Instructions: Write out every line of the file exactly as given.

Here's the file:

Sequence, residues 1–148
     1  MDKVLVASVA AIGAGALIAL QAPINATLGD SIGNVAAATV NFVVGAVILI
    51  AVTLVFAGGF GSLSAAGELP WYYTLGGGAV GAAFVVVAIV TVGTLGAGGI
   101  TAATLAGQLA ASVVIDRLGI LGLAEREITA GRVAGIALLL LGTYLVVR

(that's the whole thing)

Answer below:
Sequence, residues 1–148
     1  MDKVLVASVA AIGAGALIAL QAPINATLGD SIGNVAAATV NFVVGAVILI
    51  AVTLVFAGGF GSLSAAGELP WYYTLGGGAV GAAFVVVAIV TVGTLGAGGI
   101  TAATLAGQLA ASVVIDRLGI LGLAEREITA GRVAGIALLL LGTYLVVR